One of the overlooked complications associated with using cooking sprays in the kitchen is that they are used on or in close proximity to stoves. This heats contents that are already under pressure and makes them even more potentially dangerous. Specifically, Pam contains propellants designed to make the product spray through the vents. The company will not reveal exactly what these propellants are, but the lawsuits claim that they are propane and butane. All the company says is that the propellants are food grade and have been approved by the FDA. However, when heated, these propellants can become explosive.

The McDonald's Coffee Cup Case

Introduction to an Infamous Personal Injury Lawsuit Controversy:

A normal woman in a small town drives up to a McDonald’s and orders a cup of coffee. The rest is history. In the weeks and months to follow this encounter, great controversy would swirl around this woman and her latte. Television shows, pundits, and politicians across the country debated the matter vigorously. A documentary was even produced depicting the incident (called Hot Coffee). Yet, what actually happened?

On February 27, 1992, Stella Liebeck, 79 years old, pulled into the drive-through of a McDonald’s restaurant in Albuquerque, New Mexico and ordered a cup of coffee. It only cost her 49 cents but it serving her that drink would cost the restaurant a lot more than that when it was all said and done. Stella was not actually driving; her grandson, Chris, was driving his 1989 Ford Probe.

Politely, Chris pulled into a parking space so that his grandmother could add cream and sugar to her coffee. In the process, some of it spilled out of the cup and onto her groin, burning her butt and thighs. She was only wearing cotton pants and they did not effectively guard her from the high temperatures of the coffee (said to be over 180 °F).

Quickly, she was rushed to the hospital where doctors determined she had suffered third-degree burns on a small part of her body. She stayed at the hospital a little over a week where she received skin grafting. The incident left her with significant weight loss, permanent disfigurement, and disability for years to come.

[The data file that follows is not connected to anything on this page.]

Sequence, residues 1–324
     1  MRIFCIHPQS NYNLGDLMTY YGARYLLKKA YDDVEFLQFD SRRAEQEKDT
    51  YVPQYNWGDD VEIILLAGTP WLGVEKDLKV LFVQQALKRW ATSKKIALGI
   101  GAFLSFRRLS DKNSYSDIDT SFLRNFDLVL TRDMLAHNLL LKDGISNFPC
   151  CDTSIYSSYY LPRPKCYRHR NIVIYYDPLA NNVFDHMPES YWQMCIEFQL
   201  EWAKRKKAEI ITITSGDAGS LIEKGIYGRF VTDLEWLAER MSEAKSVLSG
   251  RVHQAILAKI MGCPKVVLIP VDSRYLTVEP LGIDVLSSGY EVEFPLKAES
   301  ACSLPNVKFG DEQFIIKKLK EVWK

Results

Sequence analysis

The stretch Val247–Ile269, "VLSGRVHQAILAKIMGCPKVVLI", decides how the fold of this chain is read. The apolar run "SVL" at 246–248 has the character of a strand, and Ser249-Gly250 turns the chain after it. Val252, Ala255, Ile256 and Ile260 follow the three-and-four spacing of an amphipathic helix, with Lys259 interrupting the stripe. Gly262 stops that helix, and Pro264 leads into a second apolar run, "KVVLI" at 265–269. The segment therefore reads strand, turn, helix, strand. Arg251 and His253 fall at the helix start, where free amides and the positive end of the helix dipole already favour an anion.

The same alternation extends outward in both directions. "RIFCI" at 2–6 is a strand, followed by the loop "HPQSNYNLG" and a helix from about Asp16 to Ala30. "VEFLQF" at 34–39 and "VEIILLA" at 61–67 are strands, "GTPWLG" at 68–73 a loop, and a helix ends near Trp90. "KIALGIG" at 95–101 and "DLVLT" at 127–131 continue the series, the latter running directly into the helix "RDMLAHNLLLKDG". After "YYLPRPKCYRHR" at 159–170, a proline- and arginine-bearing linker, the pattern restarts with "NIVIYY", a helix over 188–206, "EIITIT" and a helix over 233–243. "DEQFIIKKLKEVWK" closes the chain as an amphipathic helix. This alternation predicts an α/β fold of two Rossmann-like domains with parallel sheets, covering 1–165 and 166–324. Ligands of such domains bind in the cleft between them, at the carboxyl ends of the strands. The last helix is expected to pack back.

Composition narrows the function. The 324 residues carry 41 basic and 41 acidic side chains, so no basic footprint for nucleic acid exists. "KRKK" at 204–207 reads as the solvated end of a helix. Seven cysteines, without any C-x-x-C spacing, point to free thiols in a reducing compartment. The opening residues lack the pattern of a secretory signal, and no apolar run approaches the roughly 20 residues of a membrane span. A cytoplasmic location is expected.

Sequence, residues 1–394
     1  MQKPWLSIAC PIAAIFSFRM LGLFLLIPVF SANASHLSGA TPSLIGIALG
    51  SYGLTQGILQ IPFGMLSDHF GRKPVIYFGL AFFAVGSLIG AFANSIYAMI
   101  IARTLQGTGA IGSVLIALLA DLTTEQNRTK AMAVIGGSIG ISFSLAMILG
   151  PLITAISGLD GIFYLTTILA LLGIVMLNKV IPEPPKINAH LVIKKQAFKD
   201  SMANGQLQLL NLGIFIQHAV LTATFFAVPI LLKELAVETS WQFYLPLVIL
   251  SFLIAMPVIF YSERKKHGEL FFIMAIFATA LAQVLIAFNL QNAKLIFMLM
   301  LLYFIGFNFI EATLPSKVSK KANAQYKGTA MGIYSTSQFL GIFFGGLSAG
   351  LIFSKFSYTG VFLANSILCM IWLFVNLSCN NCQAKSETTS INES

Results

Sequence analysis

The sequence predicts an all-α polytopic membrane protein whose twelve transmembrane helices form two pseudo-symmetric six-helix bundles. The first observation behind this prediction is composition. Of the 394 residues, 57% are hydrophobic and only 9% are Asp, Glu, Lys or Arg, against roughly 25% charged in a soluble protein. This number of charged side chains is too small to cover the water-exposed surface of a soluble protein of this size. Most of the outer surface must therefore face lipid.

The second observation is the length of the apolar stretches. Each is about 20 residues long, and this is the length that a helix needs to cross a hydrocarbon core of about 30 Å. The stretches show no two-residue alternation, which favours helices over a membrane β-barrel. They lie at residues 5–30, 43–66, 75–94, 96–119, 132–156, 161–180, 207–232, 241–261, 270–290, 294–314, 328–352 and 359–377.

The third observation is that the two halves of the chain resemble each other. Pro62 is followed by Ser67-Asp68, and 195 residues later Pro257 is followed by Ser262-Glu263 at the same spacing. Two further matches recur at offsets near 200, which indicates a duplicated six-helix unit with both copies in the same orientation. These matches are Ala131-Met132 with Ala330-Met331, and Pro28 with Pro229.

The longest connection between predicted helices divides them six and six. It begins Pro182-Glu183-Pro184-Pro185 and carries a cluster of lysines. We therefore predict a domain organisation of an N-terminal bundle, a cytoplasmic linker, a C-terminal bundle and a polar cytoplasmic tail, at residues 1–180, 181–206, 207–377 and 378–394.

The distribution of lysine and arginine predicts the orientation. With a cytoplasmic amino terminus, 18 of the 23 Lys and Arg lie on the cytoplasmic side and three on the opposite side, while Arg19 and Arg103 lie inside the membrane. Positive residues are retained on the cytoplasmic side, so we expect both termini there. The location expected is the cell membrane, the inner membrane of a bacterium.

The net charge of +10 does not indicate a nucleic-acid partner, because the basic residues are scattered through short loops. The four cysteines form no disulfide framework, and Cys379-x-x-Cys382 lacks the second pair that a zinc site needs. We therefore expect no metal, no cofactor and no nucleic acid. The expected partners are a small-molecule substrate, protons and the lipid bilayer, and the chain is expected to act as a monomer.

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Complications from Laser Hair RemovalBotox, tummy tucks and laser hair removal are becoming some of the most sought-after cosmetic treatments. At one point in time, only wealthy members of society could afford the occasional Botox treatment or laser skin treatment. Today, these types of cosmetic services have become commonplace in American society. Medical and cosmetic boards continue to grapple with licensing issues and have not yet determined whether a doctor must perform these procedures. Spas, physical therapy centers, salons and independent contractors continue to deliver laser skin services with little oversight and regulation by government authorities.

The Increased Risk of Skin Damage

Laser cosmetic services are now more popular than ever for individuals who want to avoid the invasiveness of facelifts and facial surgeries. Often, individuals fail to consider all of the risks that are associated with laser cosmetic services. Non-doctors may not be aware of the power of lasers and the damage that they can cause to skin. They may not inform consumers of these risks. Dr. Jalian is a lead dermatology researcher at the University of California-Los Angeles, and he has found that laser procedures can cause significant harm if they are not administered in the proper fashion. Consumers may suffer from serious skin burns and cell damage as a result of intense laser lights. Consumers should also be aware that they may experience a hot feeling on their skin after receiving laser services.